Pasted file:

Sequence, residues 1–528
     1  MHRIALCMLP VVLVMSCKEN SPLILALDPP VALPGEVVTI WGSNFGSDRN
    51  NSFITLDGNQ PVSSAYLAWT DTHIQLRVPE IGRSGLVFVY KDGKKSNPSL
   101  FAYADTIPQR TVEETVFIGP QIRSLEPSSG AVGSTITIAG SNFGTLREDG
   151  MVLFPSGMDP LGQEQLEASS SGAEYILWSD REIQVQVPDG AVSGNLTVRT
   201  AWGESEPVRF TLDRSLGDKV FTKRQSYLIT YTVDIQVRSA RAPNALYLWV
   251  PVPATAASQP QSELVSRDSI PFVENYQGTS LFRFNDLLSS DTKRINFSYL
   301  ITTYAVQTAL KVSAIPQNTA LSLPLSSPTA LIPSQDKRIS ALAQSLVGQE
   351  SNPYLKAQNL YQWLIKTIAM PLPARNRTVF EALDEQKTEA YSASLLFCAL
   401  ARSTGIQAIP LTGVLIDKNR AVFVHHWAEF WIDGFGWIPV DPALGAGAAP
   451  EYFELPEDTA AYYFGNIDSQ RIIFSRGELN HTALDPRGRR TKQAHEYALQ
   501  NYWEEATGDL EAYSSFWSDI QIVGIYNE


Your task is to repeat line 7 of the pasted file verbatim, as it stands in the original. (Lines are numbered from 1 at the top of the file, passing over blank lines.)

   251  PVPATAASQP QSELVSRDSI PFVENYQGTS LFRFNDLLSS DTKRINFSYL